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PRELUDIUM is a call for proposals addressed at early-career researchers who are not PhD holders. In the last edition of the call closed in November 2021, almost 500 researchers from all over Poland received project funding of over 77 million PLN. The grant money will allow them to conduct a thorough investigation of various issues in many domains. 

List of winners

Activities recommended for funding included projects on women’s professional and social activity and women’s health.

Leaders with disabilities

Kamila Albin from the Institute of Applied Social Sciences of the University of Warsaw will analyse individual experiences of women with disabilities in her project “Activists, leaders (self)advocates. Activism experience in autobiographical stories of women with disabilities in Poland”. Kamila Albin will investigate the motives of their social engagement and views on obstacles to the activism of disabled people.

Disabled women are still subject to stereotypes, marginalisation and discrimination as helpless and dependent on others. They are excluded from many areas of life, such as civic and social activities, even motherhood. “For me, it is very important to include the viewpoint of disabled researchers in the academic discourse. In a way, every such action changes our thinking of disabilities and beats stereotypes” she says.

The aim of research is to help shape positive social attitudes towards women with disabilities and join in collaboration, while writing and disseminating stories of female activists with disabilities can inspire disabled women to actively shape the civic society. “Community engagement is often caused by the fact that disability is recognised as a part of one's identity. In my research, I would also like to find women whose social engagement is not related to their disability and is not its consequence” she says.

Women in the European Parliament  

Aleksandra Polak is yet another researcher to investigate women’s activism. She is a PhD student at the Doctoral School of Social Sciences of the University of Warsaw specialising in political science and administration, and expert with the Team Europe network at the European Commission Representation in Poland in the project “Explaining Cross-National Differences in Women's Descriptive Representation in the European Parliament: a Comparative Study”.

The European Parliament is often regarded a gender balance promoter in Europe due to its support for women’s rights and rather equal number of female and male MPs. There is currently a record number of female MPs: 39.3%, while an average percentage of female MP’s in the EU Member States is 32.7%. “There are, however, significant differences between Member States, ranging from completely gender-balanced national representations from Denmark, Latvia, Luxembourg and Slovenia to only 15.2% of Romania MPs and none from Cyprus” says the Aleksandra Polak. 

The aim of the project is to explain the cause of such significant disproportions between Member States in terms of the percentage of women elected to the European Parliament, determine the role of national political parties in the election of women to the European Parliament and verify whether the views and position of the political party in a given country may impact gender balance in the Parliament. “Identifying the reasons for significant disproportions between Member States in terms of the percentage of women elected to the European Parliament seems crucial to effectively create the policy of gender equality in Europe” she says.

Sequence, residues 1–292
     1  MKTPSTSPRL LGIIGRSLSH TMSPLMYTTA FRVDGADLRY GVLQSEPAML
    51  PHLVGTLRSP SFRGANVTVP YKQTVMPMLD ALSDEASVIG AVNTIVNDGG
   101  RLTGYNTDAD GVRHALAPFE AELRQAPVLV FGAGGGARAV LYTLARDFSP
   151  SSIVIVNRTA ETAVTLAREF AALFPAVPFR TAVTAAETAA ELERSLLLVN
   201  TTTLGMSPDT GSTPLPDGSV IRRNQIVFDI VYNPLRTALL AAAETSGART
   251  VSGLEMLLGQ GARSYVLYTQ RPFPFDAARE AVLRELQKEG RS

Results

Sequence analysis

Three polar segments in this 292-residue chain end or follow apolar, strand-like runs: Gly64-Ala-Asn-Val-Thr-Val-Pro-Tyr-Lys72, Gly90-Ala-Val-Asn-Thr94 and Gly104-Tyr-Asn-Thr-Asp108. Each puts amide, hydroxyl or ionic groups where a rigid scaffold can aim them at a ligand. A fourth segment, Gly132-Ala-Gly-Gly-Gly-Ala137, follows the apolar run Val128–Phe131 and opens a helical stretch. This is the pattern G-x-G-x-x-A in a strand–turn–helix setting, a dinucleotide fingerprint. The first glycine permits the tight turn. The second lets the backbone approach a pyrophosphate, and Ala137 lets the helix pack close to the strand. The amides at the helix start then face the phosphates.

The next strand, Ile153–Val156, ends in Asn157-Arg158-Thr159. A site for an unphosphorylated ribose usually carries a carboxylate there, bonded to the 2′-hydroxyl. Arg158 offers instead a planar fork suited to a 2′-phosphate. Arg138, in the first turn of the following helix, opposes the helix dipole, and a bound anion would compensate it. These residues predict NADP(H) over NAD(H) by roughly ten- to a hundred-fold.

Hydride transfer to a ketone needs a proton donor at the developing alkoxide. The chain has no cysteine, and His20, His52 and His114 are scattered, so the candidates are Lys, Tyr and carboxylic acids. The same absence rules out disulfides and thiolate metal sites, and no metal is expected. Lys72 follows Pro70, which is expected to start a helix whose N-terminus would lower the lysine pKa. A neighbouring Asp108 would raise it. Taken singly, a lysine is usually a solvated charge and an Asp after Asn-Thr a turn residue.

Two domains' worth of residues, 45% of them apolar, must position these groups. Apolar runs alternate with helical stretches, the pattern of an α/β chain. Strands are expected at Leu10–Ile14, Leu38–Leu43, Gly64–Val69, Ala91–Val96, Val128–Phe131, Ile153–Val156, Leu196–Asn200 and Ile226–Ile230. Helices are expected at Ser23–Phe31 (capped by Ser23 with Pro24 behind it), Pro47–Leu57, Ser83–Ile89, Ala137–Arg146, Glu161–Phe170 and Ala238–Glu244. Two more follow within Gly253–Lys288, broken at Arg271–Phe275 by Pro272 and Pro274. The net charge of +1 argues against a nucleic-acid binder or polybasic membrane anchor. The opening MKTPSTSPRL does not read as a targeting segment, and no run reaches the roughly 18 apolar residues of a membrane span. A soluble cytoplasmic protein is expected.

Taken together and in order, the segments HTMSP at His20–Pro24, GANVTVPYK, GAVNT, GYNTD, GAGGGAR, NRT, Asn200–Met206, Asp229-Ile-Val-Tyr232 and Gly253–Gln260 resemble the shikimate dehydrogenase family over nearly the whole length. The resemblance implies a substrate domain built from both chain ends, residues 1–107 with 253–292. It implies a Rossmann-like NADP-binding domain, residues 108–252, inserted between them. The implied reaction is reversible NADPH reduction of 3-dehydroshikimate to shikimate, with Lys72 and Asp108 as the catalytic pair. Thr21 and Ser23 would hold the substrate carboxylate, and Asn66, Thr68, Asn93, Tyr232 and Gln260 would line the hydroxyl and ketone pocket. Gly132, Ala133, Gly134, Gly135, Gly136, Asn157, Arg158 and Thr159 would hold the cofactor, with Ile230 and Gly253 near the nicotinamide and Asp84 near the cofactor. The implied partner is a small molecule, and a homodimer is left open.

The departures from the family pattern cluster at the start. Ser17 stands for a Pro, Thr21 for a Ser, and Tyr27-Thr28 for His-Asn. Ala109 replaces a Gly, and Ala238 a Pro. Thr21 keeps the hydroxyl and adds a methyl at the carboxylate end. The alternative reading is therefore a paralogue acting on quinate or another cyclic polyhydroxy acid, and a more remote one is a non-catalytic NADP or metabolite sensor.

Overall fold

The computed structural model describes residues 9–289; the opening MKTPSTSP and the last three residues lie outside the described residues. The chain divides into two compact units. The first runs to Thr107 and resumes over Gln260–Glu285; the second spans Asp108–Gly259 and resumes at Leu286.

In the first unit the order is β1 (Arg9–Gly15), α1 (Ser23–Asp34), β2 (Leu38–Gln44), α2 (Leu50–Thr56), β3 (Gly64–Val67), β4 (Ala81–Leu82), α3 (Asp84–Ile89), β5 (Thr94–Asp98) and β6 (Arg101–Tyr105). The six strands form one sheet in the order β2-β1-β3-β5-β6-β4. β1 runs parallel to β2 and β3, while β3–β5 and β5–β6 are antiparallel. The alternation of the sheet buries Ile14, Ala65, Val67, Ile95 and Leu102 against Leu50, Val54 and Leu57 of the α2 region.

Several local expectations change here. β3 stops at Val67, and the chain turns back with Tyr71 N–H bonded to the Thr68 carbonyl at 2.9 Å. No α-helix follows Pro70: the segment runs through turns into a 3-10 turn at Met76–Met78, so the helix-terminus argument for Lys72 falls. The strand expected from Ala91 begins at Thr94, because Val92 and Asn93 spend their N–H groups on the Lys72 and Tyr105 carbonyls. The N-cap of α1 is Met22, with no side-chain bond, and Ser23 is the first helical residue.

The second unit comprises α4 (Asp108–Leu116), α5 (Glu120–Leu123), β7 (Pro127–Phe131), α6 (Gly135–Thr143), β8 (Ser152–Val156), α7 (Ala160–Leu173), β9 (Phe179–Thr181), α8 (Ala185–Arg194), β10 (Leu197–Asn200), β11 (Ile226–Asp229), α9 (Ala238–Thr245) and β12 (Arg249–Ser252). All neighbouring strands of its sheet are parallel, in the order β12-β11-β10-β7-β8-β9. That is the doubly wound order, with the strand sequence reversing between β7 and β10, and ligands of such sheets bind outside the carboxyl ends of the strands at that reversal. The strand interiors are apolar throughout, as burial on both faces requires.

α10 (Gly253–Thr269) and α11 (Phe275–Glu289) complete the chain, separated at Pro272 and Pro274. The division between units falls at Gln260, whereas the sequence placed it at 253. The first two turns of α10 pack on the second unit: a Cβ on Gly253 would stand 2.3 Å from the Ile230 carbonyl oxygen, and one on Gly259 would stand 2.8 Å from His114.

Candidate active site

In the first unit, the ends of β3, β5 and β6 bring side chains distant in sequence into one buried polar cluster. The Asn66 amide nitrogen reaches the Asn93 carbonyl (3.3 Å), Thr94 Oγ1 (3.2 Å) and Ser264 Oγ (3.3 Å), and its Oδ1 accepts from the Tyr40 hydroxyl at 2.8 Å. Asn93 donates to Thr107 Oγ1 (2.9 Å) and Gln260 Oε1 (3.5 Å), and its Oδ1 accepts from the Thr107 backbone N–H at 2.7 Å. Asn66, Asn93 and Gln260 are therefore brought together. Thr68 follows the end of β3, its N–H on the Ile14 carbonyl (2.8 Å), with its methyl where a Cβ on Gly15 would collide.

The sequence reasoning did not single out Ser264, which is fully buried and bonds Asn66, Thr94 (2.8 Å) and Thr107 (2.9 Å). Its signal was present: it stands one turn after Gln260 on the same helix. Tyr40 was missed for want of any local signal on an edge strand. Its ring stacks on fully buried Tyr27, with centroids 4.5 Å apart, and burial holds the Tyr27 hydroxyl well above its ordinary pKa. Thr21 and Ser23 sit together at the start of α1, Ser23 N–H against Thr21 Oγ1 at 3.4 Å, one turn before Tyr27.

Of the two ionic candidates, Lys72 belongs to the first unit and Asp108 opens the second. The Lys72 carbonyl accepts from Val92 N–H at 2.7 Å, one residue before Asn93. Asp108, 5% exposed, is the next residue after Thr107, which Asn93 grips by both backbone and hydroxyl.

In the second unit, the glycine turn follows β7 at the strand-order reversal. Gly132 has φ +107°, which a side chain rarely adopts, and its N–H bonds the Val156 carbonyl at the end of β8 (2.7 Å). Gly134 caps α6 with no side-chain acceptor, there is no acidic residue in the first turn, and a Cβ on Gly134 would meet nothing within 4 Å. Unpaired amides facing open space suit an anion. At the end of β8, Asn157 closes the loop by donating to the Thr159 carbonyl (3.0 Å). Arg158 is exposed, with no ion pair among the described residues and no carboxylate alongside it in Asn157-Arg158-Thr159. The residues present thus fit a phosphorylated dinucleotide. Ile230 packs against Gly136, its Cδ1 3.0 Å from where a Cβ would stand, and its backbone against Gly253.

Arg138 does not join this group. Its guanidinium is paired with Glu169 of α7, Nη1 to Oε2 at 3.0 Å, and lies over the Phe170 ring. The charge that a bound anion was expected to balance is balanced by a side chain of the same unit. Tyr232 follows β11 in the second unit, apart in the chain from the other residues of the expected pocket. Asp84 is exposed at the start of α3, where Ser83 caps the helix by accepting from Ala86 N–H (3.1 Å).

More effective breast cancer detection 

Jakub Chłędowski from the Faculty of Mathematics and Information Technologies of the Jagiellonian University will work on the classification and detection of 3D DBT volumes to aid radiologists in breast cancer screening under the PRELUDIUM call. 

Breast cancer is the main cause of cancer deaths in women, with a global mortality rate of 15.5% of all cancers in 2020. Mammography is the most common method of breast cancer detection, however it is not accurate and can increase the number of both false negative and false positive diagnoses. Digital Breast Tomosynthesis (DBT) is a three-dimensional equivalent of mammography that allows for more accurate imaging of lesions. “Conventional mammography is limited due to overlapping structures that may obscure suspicious lesions or make normal structures look suspicious. DBT uses multiple low-dose X-ray projections creating a three-dimensional image of the breast and prevents the structures from overlapping which may help overcome such limitations” says Jakub Chłędowski

This is the first type of research allowing multiple DBT surfaces to be combined and all types of tumour lesions to be seen across the tested area. “In my research, I will use the signal from DBT segmentation to improve the quality of classification. First, I will train a neural network that can locate tumours and then use the information from the hidden layers of the network to create a neural network to classify DBT” he says.

Research will be conducted in collaboration with researchers from the New York University. “This collaboration will allow me to be in touch with world-class radiologists and machine learning researchers”.

PRELUDIUM is launched once a year. A maximum grant of 70,000 PLN, 140,000 PLN or 210,000 PLN may be awarded for a research project carried out over a period of 12, 24 or 36 months, respectively. A research team must not include more than three people, including the principal investigator and mentor. The next edition of the call will be launched at the beginning of 2022.